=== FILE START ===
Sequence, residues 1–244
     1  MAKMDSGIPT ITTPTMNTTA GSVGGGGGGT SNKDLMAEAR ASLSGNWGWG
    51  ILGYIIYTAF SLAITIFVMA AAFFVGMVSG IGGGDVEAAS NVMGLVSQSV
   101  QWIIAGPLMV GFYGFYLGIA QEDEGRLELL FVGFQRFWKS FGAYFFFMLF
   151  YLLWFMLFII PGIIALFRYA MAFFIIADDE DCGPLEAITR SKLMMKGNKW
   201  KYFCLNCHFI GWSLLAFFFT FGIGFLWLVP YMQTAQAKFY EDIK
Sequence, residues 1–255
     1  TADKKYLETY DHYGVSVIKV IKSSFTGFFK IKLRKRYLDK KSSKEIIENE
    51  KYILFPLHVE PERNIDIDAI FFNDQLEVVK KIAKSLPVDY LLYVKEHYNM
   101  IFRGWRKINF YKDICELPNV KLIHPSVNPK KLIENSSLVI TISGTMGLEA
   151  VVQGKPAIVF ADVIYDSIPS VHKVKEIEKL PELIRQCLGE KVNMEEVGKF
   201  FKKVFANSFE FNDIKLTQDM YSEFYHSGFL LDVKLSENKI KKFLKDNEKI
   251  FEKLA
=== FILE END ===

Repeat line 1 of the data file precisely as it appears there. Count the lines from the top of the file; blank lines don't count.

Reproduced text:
Sequence, residues 1–244